Examples and Exemplars in Regulatory Spaces

Examples and Exemplars in Regulatory Space


Embarking on the journey of launching a new program at your college or university is an exciting endeavor, but the regulatory landscape can be a daunting terrain to navigate. Many college and university personnel find themselves grappling with uncertainty about what evidence to provide and how to demonstrate compliance with specific standards set by institutional or programmatic accreditors. In an era where higher education websites offer a plethora of examples, it’s crucial to understand the distinction between examples and exemplars when it comes to the regulatory space. While examples can serve as general guides, they should not be mistaken for perfect templates. Here I shed light on this crucial distinction and provide higher education staff with actionable tips for a smoother regulatory approval process.

Understanding the Difference Between Examples and Exemplars

Before delving into the tips, it’s important to clarify the difference between examples and exemplars when working in the regulatory space. Examples are instances of documents, reports, or data submitted by other institutions to accrediting bodies. They can serve as helpful references, offering insight into the types of information that might be required. On the other hand, exemplars are not just examples; they are models of excellence. Exemplars represent the gold standard, and assuming that any document submitted by another institution is flawless can lead to significant pitfalls. Recognizing this distinction is the first step toward a more informed and successful regulatory approval process.


Alternatives to Using Examples & Exemplars in Regulatory Work

Customization is Key

While examples can provide a starting point, it’s crucial to customize documents and evidence to align with the unique characteristics of your institution and the proposed program. Copying and pasting from examples might not capture the specific nuances and strengths of your institution, potentially leading to a misrepresentation of your capabilities.

Engage in Peer Collaboration

Instead of relying solely on online examples, consider engaging in collaborative efforts with peer institutions. Sharing insights, challenges, and successful strategies with institutions facing similar regulatory processes can offer a more nuanced understanding. Peer collaboration allows for the exchange of real-world experiences and promotes a collective learning environment.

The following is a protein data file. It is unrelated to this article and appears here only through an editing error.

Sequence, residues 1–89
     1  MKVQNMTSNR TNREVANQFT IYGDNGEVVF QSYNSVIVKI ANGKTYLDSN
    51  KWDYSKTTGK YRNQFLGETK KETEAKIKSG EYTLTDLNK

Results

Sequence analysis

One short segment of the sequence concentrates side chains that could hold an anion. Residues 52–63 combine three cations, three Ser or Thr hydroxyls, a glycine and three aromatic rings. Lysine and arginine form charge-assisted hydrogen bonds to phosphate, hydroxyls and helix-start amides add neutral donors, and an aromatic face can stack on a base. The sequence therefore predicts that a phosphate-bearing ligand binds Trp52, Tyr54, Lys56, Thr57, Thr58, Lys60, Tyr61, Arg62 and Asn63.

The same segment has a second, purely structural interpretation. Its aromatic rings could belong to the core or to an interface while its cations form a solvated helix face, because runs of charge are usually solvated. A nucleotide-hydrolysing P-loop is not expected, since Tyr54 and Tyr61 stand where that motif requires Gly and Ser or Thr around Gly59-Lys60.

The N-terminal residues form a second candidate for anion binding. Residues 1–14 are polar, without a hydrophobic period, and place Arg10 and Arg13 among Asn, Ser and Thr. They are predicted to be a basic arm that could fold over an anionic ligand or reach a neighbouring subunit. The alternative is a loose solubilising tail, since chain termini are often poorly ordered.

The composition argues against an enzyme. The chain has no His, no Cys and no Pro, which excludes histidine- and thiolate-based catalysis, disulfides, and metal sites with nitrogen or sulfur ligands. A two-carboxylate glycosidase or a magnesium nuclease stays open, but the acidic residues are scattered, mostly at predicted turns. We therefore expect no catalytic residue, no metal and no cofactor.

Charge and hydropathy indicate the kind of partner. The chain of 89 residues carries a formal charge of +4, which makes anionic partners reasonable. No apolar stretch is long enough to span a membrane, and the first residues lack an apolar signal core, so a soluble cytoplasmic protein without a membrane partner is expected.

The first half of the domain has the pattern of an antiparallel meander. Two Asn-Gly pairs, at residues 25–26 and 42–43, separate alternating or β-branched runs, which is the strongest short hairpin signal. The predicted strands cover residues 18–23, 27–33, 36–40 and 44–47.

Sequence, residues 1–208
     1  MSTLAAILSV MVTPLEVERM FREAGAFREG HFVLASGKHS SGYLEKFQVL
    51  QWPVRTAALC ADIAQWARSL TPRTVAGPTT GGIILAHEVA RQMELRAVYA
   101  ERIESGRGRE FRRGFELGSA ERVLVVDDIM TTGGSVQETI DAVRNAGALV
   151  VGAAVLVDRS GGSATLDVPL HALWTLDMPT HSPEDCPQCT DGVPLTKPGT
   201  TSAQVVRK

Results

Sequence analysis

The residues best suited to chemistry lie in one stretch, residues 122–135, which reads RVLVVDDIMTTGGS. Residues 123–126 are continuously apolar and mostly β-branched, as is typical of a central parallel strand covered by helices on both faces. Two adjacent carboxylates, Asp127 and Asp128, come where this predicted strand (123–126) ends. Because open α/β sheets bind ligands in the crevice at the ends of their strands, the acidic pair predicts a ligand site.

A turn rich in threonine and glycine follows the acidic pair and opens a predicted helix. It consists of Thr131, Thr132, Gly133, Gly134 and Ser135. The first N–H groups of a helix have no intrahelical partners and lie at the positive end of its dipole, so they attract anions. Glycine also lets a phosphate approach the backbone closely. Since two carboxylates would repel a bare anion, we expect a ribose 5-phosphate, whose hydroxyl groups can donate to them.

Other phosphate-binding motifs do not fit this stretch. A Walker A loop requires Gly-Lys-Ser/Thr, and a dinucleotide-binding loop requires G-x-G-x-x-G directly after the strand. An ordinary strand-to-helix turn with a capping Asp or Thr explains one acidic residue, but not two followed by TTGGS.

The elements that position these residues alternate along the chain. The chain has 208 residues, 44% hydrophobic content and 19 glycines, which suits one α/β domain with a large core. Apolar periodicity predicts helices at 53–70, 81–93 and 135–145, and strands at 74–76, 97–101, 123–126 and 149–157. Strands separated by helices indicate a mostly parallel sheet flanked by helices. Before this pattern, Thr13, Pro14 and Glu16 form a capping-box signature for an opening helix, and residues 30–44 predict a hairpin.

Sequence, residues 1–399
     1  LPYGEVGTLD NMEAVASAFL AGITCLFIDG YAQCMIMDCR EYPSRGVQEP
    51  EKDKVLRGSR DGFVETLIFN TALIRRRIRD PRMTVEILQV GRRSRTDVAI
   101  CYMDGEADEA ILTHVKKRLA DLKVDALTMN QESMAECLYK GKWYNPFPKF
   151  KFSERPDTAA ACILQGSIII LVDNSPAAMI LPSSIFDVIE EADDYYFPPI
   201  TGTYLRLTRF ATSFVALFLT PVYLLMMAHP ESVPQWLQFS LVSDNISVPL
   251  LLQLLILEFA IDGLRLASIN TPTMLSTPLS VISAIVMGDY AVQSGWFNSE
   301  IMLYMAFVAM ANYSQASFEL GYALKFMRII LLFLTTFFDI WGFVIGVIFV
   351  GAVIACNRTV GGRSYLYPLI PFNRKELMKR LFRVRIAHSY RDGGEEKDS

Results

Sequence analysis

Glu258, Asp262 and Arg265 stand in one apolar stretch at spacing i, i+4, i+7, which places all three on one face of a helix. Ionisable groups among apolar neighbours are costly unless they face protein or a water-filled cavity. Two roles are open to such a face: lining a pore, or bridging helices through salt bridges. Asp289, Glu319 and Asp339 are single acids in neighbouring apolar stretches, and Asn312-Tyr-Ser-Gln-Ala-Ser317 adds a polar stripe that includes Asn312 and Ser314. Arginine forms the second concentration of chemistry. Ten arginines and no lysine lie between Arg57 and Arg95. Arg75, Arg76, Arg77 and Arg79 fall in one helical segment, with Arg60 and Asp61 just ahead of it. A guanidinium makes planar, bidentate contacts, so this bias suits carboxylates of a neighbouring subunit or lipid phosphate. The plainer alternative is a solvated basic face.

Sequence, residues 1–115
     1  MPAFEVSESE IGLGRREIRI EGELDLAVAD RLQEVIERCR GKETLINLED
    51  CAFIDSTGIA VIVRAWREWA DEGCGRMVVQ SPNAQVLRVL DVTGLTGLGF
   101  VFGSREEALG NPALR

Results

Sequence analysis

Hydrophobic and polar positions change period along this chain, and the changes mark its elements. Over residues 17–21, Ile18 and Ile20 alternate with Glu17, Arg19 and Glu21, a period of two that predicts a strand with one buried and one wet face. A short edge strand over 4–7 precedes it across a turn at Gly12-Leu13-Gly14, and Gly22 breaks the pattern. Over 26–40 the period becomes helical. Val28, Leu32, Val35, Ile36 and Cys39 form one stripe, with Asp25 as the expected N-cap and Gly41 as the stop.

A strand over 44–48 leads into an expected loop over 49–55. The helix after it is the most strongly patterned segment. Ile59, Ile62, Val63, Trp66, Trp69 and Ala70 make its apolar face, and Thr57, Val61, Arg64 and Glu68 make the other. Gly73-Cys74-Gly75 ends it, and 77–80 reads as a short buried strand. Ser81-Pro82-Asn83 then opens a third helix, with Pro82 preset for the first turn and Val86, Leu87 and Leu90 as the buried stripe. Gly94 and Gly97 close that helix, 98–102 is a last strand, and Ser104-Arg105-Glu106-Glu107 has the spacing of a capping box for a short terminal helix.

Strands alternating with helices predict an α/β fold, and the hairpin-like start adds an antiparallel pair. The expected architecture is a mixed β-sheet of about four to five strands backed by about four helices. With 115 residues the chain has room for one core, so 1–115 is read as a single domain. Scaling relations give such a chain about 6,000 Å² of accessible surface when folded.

Regularly Review and Update Documentation

The regulatory landscape evolves, and so should your documentation. Rather than relying solely on outdated examples, strive to stay abreast of changes in accreditation standards and requirements. Regularly review and update your documentation to reflect any new expectations, ensuring that your submission remains relevant and compliant.

Seek Guidance from Accreditation Experts

Most institutions have dedicated accreditation liaisons or experts who can provide valuable guidance. These individuals possess an in-depth understanding of accreditation standards and can offer insights tailored to your institution’s context. Consult with them regularly to ensure your documentation meets the necessary criteria and standards. That said, some colleges and universities don’t have the luxury of full-time compliance and accreditation experts on staff. On the other hand, there may not be anyone who’s had experience working with a particular state agency or accrediting body. In those cases, hiring a consultant can be a wise investment.

Use Examples Judiciously

Examples can be powerful tools when used judiciously. Rather than mirroring another institution’s document entirely, extract relevant concepts, structures, and approaches that align with your institution’s context. Adapting best practices from examples can enhance the quality of your submission without compromising authenticity.



In the realm of regulatory matters, the journey to program approval requires careful consideration, strategic planning, and a nuanced approach to documentation. While examples can serve as valuable guides, they should not be misconstrued as flawless templates. The key lies in understanding the unique needs of your institution and tailoring documentation accordingly. By following these tips, higher education staff can navigate the regulatory landscape with confidence, ensuring that their submissions stand out for their authenticity and compliance.



About the Author: A former public school teacher and college administrator, Dr. Roberta Ross-Fisher provides consultative support to colleges and universities in quality assurance, accreditation, educator preparation and competency-based education. Specialty: Council for the Accreditation of Educator Preparation (CAEP).  She can be reached at: Roberta@globaleducationalconsulting.com


Top Photo Credit: Gabrielle Henderson on Unsplash